Love and Loss in the Liquor Aisle by Kimmy Dee

“Oh, it was definitely love at first sight, he just hadn’t seen me yet.”

I took an enthusiastic swig of water from the Styrofoam cup that had been placed in front of me, and winced as a cluster of ice cubes clobbered my nose. I carefully returned the cup to the desk and patted at my face with my sleeve, playing it off as if the whole maneuver had gone according to plan. Regardless of my wet shirt, I had certainly built the suspense to an excruciating level. “Anyway, I already told the cops all about James.”

“I know, Gracie, but it will help in making my evaluation if I hear the story directly from you.” The geek in the pressed shirt tapped the notebook in his lap with an expensive-looking silver pen. It wasn’t your average Bic, that’s for sure.

This so-called doctor may think he’s hot shit with his dumb little pen, but he’s no James, I thought. I closed my eyes and was running hand in hand with my one true love on a never-ending white sand beach. I could taste the salty air as his blue (or were they green?) eyes gazed longingly into mine. We fell and rolled in the sand, laughing as our bodies locked in a magical embrace–

“Why do you refer to Mr. Edwards as James?” Dr. Glasses said.


The sea smell evaporated and I was back in the drab office, facing the inquisitive nerd with the fancy pen. I mustered up my most sinister glare for cutting short my reverie, but he didn’t flinch. I slumped in my swivel chair and sighed. Glasses might understand writing utensils, but he didn’t know jack shit about true love.

“You keep saying James,” he repeated as he scribbled in his notebook. “Mr. Edwards’ first name is Mark.”

Say what now?

“Well, um, he always comes into the store to buy Jameson whiskey,” I said. Mark? Really? I bit down on my lower lip to stifle a smile, as I didn’t want Glasses to think my glee was for him. I always knew James was a real man of mystery, but this was almost too good to be true. An alias? I’d never been so turned on in my life! Now, back to that beach–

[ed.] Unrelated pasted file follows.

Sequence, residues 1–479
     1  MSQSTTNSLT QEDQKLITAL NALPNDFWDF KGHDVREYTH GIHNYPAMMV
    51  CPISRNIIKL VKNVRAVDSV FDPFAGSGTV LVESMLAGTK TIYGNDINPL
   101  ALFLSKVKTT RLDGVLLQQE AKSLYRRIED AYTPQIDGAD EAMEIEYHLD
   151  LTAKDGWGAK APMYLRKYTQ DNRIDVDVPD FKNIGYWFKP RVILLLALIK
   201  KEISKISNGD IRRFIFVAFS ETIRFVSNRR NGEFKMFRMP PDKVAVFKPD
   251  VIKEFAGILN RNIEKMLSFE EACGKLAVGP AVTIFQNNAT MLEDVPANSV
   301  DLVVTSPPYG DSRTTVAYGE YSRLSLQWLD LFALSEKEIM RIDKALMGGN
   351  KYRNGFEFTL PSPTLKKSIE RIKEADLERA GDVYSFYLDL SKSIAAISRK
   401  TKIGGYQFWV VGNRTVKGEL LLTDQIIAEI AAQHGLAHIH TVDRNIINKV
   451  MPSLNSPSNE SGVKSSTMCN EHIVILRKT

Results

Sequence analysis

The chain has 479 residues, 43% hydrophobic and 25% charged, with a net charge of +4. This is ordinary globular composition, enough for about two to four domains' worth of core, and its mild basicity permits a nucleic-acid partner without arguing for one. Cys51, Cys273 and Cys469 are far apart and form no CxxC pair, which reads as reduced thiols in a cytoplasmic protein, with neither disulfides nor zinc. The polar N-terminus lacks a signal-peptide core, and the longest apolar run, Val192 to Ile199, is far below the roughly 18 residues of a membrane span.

“The store?” Glasses said.

Damn this guy!

“You mean your former employer, Super Thrift Discount Market?” he said.

“Former? Did I get fired from the STD Mart? Why?” I began to panic.

How would I pay my rent? The cell I’d been staying was nice and all, but not nearly as cozy as my studio apartment, which was warmly decorated with my extensive collection of Beanie Babies. I even had a first-edition Princess Diana Bear, which had become slightly less valuable since suffering minor fire damage during a freak incense lighting incident, but the half of its face that was intact was still squeezably soft.

“No, I’m sorry. I didn’t mean to upset you, Gracie,” Glasses said in his stupid monotone voice. “I just assumed you wouldn’t choose to return to work there.”

“Well you know what they say when you assume, right? It makes you a complete dick.”

Who the hell did this shrinky dink think he was, anyway? The fancy degree hanging on his wall didn’t give him the right to throw assumptions around all willy-nilly. If anything I’d probably get a promotion at the STD Mart. Perhaps even Employee of the Month.

“I’m sorry if I offended you,” Glasses said. Despite his insistent meddling into my love life, I was finding the lack of inflection in his voice sort of soothing. I feigned a snore, so he’d see how relaxed I was.

He raised his well-manicured eyebrows; said nothing.

I sighed.

“It’s okay.” I glared at him so he was aware that accepting his apology was a one-time deal. “I just don’t understand why I have to go over this crap again. I’m a busy woman. I have a wedding to plan, after all.” There’s nothing wrong with thinking ahead. I had the invitations designed; this startling name revelation would set me back at least a week. “Not to mention merchandise to protect at STD Mart.”

“The district attorney requested that I speak with you, Gracie. You can consider me your friend. I know you’ve already given a statement to the police, but I’d like to hear what happened directly from you.”

“The police recorded me. Can’t you just watch their movie? You aren’t the sharpest syringe in the river, are ya Doctor Glasses?”

“That’s Doctor Seymour.”


“Listen, Gracie; if I’m going to help you, I’ll have to ask you a few questions. Is that okay?”

His eyes were wide and almost friendly behind his thin, black frames. I decided talking to an uptight, meddlesome dweeb was better than sitting alone on the cot in my cell, so I’d humor him. For a little while, anyway.

“Okay,” I mumbled, being careful to not sound too agreeable. I didn’t want Dr. Seymour thinking we were BFF’s or anything. Although maybe he could be an usher at the wedding…

“Let’s talk about that night. How did you know that Mark and Rachel would be at the restaurant that evening?”

I scowled at the sound of her name.